The gaming app that originally launched OnLive into the spotlight in certain circles, allows you to play fully-fledged console games through the cloud. The app is currently available on Google Play for tablets and smartphones, and at one point was shown running on an iPad (you can check out the video here). There is even compatibility with an external controller; it was actually launched late last year for Android devices.
Doubts remain if the iPad app will eventually be approved, but with Apple allowing OnLive Desktop to function, we can only hope. There is however, an OnLive Viewer available for iPad that lets you watch and view OnLive gaming sessions.
OnLive is a company that has been focusing on capturing niche markets with a very sophisticated cloud network. First they make a splash among gamers, now productivity users, who knows what else the company has in store for us.
Microsoft’s Response to OnLive Desktop
Until recently, Microsoft has been sitting idly and watching OnLive Desktop from afar. However, the amount of media attention the app has been generating certainly made the Windows giant take notice. Recently, a Microsoft representative responded to the client and said it is violating licensing terms.
Joe Matz posted a letter that is available on TechNet mentioning a Gartner report bringing the service to Microsoft’s attention and raising questions. He also said that the reason OnLive Desktop violates licensing agreements has to deal with a third party profiting off of Microsoft’s software by having it’s own customer base.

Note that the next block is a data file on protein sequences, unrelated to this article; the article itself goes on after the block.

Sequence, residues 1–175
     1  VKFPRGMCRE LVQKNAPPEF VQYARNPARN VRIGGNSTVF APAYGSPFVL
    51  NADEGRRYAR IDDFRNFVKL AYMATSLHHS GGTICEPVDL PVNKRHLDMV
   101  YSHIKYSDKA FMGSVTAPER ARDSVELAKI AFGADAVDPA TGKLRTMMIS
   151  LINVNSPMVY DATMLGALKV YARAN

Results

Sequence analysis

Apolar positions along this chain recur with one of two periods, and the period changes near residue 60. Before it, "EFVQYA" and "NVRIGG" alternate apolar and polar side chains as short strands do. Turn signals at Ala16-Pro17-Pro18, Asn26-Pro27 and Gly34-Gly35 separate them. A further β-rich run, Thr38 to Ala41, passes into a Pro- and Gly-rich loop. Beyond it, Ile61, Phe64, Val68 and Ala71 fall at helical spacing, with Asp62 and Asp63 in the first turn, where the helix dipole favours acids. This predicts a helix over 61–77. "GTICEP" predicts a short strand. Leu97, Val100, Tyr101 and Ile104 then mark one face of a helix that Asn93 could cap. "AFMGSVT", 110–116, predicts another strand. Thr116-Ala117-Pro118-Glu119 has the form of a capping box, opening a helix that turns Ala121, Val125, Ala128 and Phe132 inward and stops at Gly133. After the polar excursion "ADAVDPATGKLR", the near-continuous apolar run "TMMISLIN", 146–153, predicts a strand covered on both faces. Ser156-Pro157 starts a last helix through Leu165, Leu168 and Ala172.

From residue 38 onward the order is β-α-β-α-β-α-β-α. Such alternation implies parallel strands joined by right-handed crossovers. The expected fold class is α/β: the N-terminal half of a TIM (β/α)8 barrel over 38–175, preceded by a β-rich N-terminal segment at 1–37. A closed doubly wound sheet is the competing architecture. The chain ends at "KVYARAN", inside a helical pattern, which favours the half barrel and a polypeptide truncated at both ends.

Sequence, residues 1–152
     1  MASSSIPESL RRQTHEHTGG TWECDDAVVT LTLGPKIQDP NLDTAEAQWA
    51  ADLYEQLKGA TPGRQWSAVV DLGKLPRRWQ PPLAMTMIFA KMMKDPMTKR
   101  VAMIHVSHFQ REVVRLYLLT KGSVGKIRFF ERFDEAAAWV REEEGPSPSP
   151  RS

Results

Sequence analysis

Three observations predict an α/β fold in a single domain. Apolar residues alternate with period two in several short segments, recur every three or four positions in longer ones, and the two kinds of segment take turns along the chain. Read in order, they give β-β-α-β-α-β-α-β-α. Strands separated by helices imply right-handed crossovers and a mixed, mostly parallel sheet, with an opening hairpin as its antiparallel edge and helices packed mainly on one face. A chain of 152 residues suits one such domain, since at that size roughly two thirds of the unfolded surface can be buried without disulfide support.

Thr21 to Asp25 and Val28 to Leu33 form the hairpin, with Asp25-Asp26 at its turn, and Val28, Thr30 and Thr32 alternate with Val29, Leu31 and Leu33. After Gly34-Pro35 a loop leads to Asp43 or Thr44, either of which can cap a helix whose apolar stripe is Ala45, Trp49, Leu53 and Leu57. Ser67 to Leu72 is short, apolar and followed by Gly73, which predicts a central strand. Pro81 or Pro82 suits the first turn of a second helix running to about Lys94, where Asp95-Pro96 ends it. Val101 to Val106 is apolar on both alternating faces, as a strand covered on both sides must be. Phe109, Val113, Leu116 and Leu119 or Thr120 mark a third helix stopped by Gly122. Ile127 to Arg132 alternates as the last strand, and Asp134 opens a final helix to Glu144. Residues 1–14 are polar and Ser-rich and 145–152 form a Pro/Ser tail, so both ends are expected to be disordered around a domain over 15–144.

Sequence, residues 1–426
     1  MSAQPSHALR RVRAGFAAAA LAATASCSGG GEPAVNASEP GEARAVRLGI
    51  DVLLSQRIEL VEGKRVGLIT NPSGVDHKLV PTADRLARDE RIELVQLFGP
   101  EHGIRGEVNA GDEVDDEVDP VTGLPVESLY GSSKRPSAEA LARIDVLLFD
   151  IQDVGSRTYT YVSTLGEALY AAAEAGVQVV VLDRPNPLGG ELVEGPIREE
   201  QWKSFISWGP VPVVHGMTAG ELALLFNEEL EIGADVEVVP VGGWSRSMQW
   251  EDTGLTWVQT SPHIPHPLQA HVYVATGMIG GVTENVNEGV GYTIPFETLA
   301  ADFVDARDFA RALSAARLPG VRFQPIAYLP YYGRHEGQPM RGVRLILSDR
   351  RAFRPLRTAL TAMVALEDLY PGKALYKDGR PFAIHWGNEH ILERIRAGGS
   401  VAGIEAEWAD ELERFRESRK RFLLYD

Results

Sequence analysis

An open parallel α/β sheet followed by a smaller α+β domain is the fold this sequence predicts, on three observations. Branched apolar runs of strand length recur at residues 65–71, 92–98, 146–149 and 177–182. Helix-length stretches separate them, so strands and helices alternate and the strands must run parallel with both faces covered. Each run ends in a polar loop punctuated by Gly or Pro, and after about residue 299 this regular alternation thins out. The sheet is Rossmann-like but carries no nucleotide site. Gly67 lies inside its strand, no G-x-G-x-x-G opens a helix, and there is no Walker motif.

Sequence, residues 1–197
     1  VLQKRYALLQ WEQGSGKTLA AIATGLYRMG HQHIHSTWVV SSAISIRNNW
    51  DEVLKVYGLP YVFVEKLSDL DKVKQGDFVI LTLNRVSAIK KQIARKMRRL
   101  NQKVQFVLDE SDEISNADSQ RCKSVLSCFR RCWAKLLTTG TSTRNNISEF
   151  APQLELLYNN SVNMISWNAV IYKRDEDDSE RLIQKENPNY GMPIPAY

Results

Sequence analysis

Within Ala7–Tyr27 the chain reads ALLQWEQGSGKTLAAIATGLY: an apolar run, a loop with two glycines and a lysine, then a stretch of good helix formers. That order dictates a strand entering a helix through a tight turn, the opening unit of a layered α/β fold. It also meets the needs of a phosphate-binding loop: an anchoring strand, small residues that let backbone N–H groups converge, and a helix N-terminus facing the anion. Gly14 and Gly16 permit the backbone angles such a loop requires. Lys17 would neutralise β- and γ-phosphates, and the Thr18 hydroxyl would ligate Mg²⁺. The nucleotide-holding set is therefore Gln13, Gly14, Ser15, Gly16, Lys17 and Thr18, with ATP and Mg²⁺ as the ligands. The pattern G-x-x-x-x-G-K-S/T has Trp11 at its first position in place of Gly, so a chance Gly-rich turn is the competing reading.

According to Matz, “The hosting hardware must be dedicated to, and for the benefit of the customer, and may not be shared by or with any other customers of that partner.”
Despite this statement, the fact remains the app is still available for download. Matz also mentioned the two companies trying to resolve the problem peacefully: “We are actively engaged with OnLive with the hope of bringing them into a properly licensed scenario, and we are committed to seeing this issue is resolved.”
It will remain interesting to see how the app gets received by Microsoft over the long term and if it will be altered somehow by OnLive. It will also be interesting to see what transpires of the recent talks between the companies and whether the two companies will work together somehow instead of going to the courts. It is clear from using the service that OnLive has put a lot of work and care into making sure it functions smoothly. Many of us who do professional work on the go would love to be able to do it in the form factor of a tablet (omitting Windows 7 tablets), and now we can.
If you own an iPad head on over to the App Store and download OnLive Desktop for free. If you own an Android tablet you can grab it also for free from Google Play. The Android version was updated earlier this month and requires Android 2.3 to function.